The struggle to ensure justice, security and dignity for women has to be taken forward!

The Justice J.S. Verma Committee, which was constituted by the government following the brutal gang-rape and subsequent death of a 23 year old woman in New Delhi on December 16, 2012, and the nation-wide agitations that followed demanding that the government take stern steps to prevent crimes against women, released its recommendations on January 23, 2013.

For a fortnight and more after the gruesome crime, women and men all over the country and particularly in the city of Delhi came on to the streets in thousands, condemning the government for its utter lack of responsibility in ensuring security of women. They condemned the cynical attitude and backward views of politicians of various hues and other individuals, which were being given wide publicity in order to undermine the popular struggle. While the police and the Delhi government tried their best to give themselves a ‘clean chit’, the agitations continued with swelling numbers. This clearly shows that people have lost faith in the government and its false promises. Under immense public pressure, the government was forced to constitute the Verma Committee. This Committee has acknowledged that in a short span of three weeks, it received nearly 80,000 suggestions from various organizations of the people. This fact alone reveals the widespread concern and terrible anger of our people at the refusal of the state to ensure security of one half of the population.

The Verma Committee report has held the government and state machinery squarely responsible for its failure to prevent crimes against women and recommended various stern measures that must be implemented in order to ensure the safety of women.

Among others, it has recommended that “armed forces and security personnel should not be given protection under the AFSPA if they commit sexual offences against women.”

It has recommended that a new clause be inserted in the Indian Penal Code – offence of breach of command responsibility. The clause is as follows. “If a public servant in command, control or supervision of police or armed forces fails to exercise control over persons under him or her, and as a result of such failure sexual crimes are committed, then the officer will be held guilty of the offence of breach of command responsibility.” It prescribes rigorous imprisonment of 7-10 years for this.

In addition, it states that “every policeman is bound to obey the law and any order of a superior officer, which is contrary to the law, is no defence for his illegal action, which may be a punishable offence. Accordingly, any political interference or extraneous influence in the performance of the statutory duty by a policeman cannot be condoned.”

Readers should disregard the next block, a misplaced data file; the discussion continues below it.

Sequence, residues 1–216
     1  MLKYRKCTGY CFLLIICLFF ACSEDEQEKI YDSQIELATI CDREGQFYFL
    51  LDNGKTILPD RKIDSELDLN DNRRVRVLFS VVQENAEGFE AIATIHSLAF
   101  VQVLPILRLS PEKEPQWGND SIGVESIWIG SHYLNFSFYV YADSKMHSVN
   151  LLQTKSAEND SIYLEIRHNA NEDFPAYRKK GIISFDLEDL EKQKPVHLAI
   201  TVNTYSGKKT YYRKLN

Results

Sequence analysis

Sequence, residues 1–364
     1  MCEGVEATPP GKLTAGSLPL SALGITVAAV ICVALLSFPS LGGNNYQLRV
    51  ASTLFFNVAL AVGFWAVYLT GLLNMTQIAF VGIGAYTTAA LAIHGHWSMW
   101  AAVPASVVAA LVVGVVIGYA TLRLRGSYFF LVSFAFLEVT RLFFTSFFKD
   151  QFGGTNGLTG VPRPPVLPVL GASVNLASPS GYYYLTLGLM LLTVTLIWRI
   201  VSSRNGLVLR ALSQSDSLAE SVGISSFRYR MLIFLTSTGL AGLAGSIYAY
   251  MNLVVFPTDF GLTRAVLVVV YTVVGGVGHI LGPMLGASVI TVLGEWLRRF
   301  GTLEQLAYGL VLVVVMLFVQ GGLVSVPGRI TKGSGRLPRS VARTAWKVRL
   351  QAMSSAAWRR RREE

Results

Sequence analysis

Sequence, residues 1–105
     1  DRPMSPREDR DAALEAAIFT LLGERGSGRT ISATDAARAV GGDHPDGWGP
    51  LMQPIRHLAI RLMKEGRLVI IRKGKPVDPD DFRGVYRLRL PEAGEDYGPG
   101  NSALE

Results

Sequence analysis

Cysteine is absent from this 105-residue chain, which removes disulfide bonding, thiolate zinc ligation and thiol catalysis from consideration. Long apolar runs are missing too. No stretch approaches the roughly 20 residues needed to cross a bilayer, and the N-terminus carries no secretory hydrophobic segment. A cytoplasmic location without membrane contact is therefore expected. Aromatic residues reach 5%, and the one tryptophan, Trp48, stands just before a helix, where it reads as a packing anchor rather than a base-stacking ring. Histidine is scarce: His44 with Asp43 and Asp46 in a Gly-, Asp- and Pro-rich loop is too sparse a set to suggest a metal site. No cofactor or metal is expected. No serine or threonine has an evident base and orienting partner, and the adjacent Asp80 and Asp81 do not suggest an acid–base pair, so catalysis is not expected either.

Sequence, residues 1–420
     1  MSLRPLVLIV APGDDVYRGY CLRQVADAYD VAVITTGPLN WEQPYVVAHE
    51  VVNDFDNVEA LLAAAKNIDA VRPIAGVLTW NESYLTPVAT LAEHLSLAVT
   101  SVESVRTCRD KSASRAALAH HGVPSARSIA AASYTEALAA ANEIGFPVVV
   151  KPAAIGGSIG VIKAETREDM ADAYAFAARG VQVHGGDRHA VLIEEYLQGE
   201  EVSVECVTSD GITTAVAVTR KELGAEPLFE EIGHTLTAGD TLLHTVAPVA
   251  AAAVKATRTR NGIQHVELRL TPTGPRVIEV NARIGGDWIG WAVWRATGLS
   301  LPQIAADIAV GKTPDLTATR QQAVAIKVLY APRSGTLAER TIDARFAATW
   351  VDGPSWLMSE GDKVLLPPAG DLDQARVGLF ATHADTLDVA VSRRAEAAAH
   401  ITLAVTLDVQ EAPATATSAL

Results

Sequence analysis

The Verma Committee has recommended “disqualifying politicians from contesting polls once the court takes cognizance of cases against them” pertaining to sexual crimes.

It has also recommended that the government set up a tribunal to investigate cases of sexual harassment in the workplace, in the corporate private sector.

Most of the recommendations of the committee have been immediately opposed by this or that section of the ruling establishment.

IPS and paramilitary officers have objected to the clause of “offence of breach of command responsibility”, on the grounds that they do not have control over the actions of personnel under their command. The major political parties in parliament, the Congress and the BJP, as well as retired Generals of the Armed Forces have opposed the recommendation that “armed forces and security personnel should not be given protection under the AFSPA if they commit sexual offences”, under the pretext that these forces are operating in special circumstances and are ‘victims of terror’. Almost all political parties have objected to the recommendation of “disqualifying politicians from contesting polls once the court takes cognizance of cases against them”, saying that these politicians be disqualified from contesting in elections only if proven guilty. Big corporate houses have objected to the setting up of a government tribunal to investigate cases of sexual harassment of women in their companies. Prominent spokespersons of the government have indicated that the government will in all probability not implement any of the major recommendations of the Verma Committee.